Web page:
For now, Lévy is careful about what form that should assume, and suggests it should mostly be indirect assistance to rebel troops he says are rapidly turning into a respectable army. In a recent editorial in Le Monde , BHL acknowledged the rebels forces began as an under-trained, rag-tag scrum of inexperienced volunteers. But he also reported recent scenes of swiftly-improving instruction, savvy leadership, the embrace of shrewd strategic thinking and planning, and a heroic determination and ingenuity to get laughably poor weaponry to function. All these plucky rebels need to sound the death knell of Gaddafi’s regime, he maintained, are arms and instruction from the international community, and faster, aggressive, and more ambitious air strikes by NATO. In Benghazi, Lévy writes, he sees “reasons to hope” for rebel forces to step up and eventually defeat Gaddafi–albeit with outside help.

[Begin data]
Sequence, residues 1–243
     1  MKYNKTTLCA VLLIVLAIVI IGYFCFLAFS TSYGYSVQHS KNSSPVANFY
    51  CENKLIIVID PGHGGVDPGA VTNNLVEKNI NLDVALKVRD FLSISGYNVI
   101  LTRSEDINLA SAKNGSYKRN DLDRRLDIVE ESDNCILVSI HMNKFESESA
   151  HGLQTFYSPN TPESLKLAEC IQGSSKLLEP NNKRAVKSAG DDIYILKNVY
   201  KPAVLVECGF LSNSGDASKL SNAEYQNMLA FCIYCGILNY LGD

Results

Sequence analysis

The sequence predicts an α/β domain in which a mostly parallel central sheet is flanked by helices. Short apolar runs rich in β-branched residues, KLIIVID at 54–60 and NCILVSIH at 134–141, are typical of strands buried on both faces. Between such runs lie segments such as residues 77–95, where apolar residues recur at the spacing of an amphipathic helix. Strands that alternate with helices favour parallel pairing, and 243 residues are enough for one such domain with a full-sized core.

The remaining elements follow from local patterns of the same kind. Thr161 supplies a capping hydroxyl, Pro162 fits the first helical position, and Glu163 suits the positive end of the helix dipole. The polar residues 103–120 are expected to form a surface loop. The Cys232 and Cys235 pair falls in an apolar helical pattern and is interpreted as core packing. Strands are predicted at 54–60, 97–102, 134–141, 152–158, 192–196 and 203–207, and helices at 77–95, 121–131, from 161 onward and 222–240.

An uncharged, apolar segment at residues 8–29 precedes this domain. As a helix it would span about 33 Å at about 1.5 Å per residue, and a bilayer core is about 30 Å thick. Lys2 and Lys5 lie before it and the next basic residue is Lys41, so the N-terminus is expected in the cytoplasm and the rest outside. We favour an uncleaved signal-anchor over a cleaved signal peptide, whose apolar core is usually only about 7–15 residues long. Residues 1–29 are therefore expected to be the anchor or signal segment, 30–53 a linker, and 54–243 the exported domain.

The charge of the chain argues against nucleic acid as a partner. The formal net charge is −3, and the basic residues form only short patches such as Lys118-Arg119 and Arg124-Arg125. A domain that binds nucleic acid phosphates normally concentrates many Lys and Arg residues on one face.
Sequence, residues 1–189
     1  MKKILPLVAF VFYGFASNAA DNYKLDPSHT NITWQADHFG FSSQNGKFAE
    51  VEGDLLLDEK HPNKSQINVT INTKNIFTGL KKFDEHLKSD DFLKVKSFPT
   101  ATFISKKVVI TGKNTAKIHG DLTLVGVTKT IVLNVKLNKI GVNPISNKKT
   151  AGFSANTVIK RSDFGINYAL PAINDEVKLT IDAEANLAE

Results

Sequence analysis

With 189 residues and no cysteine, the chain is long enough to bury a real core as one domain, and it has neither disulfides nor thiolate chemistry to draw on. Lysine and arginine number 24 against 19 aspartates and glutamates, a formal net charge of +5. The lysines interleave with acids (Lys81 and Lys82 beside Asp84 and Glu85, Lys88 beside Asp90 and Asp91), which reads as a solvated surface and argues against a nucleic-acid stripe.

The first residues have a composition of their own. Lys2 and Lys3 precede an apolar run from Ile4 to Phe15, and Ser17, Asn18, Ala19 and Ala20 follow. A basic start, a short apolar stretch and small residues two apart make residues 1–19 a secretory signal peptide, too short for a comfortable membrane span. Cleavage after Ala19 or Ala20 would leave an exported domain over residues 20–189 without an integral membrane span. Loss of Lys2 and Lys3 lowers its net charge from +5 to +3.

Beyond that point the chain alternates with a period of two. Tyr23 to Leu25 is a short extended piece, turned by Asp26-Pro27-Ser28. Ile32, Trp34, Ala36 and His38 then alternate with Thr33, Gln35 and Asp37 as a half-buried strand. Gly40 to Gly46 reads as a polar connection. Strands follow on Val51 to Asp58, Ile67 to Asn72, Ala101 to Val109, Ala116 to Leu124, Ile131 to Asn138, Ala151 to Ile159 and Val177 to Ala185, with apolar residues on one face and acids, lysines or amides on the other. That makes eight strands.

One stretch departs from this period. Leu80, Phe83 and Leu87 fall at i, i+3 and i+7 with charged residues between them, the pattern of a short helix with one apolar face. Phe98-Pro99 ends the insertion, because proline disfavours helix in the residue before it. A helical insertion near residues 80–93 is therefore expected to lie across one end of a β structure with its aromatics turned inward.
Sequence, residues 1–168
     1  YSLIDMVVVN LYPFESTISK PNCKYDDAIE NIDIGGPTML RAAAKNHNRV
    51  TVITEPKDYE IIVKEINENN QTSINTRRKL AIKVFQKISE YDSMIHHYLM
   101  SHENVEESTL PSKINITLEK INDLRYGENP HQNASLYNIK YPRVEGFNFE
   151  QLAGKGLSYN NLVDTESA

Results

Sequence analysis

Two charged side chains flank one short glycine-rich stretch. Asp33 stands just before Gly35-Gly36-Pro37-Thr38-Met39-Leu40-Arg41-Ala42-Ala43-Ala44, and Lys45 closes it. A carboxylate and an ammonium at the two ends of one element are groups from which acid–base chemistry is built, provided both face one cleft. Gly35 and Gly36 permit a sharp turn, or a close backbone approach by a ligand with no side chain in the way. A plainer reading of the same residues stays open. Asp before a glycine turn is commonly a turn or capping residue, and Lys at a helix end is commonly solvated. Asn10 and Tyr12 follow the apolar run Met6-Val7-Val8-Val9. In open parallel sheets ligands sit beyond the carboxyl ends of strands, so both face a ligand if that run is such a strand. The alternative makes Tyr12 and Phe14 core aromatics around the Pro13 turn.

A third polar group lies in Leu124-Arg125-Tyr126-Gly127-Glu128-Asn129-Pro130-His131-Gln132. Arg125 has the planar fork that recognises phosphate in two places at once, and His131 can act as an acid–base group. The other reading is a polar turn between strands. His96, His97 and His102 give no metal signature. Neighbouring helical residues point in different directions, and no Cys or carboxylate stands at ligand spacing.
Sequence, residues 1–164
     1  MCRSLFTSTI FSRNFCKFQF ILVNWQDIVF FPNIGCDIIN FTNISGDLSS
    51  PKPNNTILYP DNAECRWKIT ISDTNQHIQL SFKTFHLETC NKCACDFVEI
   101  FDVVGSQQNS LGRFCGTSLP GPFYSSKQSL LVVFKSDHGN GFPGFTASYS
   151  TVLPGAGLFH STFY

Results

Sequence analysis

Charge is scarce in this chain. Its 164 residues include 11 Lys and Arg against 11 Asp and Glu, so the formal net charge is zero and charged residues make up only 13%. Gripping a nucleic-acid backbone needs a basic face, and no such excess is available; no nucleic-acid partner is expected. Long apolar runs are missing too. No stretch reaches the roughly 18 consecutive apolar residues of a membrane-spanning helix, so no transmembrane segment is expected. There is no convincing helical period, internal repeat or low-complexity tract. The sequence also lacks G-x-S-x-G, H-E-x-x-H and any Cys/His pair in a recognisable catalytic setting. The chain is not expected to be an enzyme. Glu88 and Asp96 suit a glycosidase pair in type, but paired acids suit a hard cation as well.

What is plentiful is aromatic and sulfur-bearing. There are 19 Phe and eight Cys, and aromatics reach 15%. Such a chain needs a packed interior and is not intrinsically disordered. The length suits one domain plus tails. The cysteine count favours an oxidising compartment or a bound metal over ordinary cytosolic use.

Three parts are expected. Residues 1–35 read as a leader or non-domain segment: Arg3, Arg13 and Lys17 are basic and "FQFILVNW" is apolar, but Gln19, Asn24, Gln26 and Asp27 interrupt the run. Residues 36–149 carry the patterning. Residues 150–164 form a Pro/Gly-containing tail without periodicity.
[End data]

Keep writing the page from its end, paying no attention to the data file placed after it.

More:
Compare that to the analysis of the same rebel condition in yesterday’s New York Times , which speaks of a divided military command, impotent political opposition, and forces that have some doubting whether they’ll ever be able to beat Gaddafi with any level of outside help.
The Western powers have been looking to the rebel fighters to break the logjam, hoping they can be built into an effective fighting force. But the continuing disorganization and infighting within the rebel leadership is an obstacle; even countries that have expressed support for the rebel cause are balking at arming them, at least in part out of concern over the disarray.